In 2013, Chief Lewis was a guest speaker at The Promise Land Society’s first festival. That same year, he received the state’s Order of the Long Leaf Pine Award and the Resolution of Appreciation Award from the board of directors of Military Affairs.

The same year he also received a Coast Guard medallion and a letter of recognition of his service on his 95th birthday.

In 2017, he was recognized as oldest U.S. Coast Guard retiree in attendance at a Coast Guard Gold Medal Ceremony at the Core Sound Museum.

Carteret County commissioners designated Aug. 2, 2018, as Ira Lewis Day.

Newport Mayor and retired Coast Guard Chief Warrant Officer Dennis Barber had a close relationship with Chief Lewis.

“He was a good friend of mine,” Mayor Barber said Thursday night. “I looked up to him as a mentor ... he was looked up to by a bunch of young ‘Coasties.’ He will be greatly missed by the Coast Guard community.”

Retired Coast Guard Vice Adm. Dean Lee said Thursday night that Chief Lewis was a man Harkers Island could be proud of.

“Mr. Ira Lewis was the kind of guy we would all aspire to be,” he said. “He served his country and then went on to serve his community in the same fashion.”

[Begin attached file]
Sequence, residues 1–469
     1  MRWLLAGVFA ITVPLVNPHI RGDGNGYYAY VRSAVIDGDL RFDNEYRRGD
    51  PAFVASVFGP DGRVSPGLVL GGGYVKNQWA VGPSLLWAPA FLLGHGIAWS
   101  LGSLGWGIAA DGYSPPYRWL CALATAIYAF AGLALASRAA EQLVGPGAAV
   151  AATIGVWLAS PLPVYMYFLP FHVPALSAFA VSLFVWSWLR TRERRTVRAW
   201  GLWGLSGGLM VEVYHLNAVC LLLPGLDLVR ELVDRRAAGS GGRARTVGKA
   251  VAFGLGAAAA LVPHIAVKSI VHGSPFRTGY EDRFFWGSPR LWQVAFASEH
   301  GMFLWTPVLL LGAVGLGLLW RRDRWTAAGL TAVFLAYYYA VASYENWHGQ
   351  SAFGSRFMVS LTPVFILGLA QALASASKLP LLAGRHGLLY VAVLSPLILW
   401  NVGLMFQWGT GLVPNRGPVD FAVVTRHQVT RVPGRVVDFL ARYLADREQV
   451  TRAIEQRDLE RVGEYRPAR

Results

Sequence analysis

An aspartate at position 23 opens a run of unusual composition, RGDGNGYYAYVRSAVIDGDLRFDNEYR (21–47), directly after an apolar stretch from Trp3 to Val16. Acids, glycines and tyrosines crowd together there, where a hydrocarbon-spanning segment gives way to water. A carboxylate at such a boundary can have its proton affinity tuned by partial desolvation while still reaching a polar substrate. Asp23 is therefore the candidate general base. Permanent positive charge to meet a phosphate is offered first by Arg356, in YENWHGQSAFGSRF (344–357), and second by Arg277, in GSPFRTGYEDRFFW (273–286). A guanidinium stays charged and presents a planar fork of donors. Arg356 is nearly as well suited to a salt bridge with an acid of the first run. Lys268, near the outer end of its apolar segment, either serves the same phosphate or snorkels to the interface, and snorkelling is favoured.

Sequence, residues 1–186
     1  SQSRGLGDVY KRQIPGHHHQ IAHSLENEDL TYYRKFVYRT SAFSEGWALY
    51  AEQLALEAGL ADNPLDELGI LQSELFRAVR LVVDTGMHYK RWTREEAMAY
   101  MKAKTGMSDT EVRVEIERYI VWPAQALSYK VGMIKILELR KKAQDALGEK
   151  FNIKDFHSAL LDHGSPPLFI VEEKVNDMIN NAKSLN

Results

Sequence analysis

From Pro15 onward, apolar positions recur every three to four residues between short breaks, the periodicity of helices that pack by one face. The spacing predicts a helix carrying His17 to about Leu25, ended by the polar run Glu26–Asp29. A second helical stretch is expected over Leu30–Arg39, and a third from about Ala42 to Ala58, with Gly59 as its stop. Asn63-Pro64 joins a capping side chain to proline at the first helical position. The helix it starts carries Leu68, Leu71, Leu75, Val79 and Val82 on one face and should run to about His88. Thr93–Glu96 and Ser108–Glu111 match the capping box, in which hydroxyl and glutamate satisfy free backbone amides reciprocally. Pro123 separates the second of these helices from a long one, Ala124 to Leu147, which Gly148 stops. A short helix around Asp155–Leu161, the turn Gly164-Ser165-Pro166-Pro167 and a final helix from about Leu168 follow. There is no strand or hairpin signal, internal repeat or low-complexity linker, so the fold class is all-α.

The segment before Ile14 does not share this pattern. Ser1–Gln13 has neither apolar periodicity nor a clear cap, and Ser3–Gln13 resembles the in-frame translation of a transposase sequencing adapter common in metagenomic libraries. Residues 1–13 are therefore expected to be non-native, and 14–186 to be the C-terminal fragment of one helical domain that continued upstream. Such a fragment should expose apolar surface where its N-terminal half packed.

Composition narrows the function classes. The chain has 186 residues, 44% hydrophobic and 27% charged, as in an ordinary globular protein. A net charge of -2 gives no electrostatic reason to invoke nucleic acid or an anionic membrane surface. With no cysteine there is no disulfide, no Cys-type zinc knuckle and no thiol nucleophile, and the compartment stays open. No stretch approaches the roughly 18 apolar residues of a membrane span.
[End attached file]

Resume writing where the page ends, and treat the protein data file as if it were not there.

Though Vice Adm. Lee said many would mourn for Chief Lewis, he would be fondly remembered.

“We will all miss him, but he had a good run and when he crossed the finish line, we all know he is with the good Lord.”

Noe Funeral Service Inc. of Beaufort is handling the arrangements. 

Contact Jackie Starkey at 252-726-7081, ext. 225; email jackie@thenewstimes.com; or follow on Twitter @jackieccnt.

Contact Megan Soult at 252-726-7081, ext. 228; email megan.soult@thenewstimes.com; or follow on Twitter @meganCCNT.

(Previous report)

HARKERS ISLAND — Chief Ira Lewis, Harkers Island’s oldest resident and retired U.S. Coast Guard member, died Thursday at the age of 101.

His funeral service is set for 2 p.m. Sunday at Free Grace Wesleyan Church on Harkers Island with Pastor Curtis W. Going and Pastor Clint Nelson officiating.  Burial with military honors will follow at the Lewis family cemetery on Harkers Island.

Mr. Lewis joined the Coast Guard in 1938 and served 21 years on the south shore of Long Island, N.Y.

Mr. Lewis is survived by his daughter, Margaret Ann Rose and her husband Leslie; son, Philip Lewis and his wife Jean; grandchildren, Bruce Kevin Lewis and his wife Lori, Tracy L. Lewis, Tara Guthrie, Jonathan Brett Rose and his wife Cathy and Joan O’Neal and her husband James D.; great-grandchildren, Maggie Diane Lewis, Kevin Ian Lewis, Tracy Ethan Lewis, Jonathan Michael Rose and his wife Rebecca, Christopher Ryan Rose, Bertley Paul Willis and Contessa Ann Willis; great-great-grandson, Dawson Cole Rose; and many nieces and nephews.

Noe Funeral Service Inc. of Beaufort is handling the arrangements. 

(1) comment

CARTERETISCORRUPT

Rest well Chief, and thank you for your service to our country. Thank you.

Welcome to the discussion.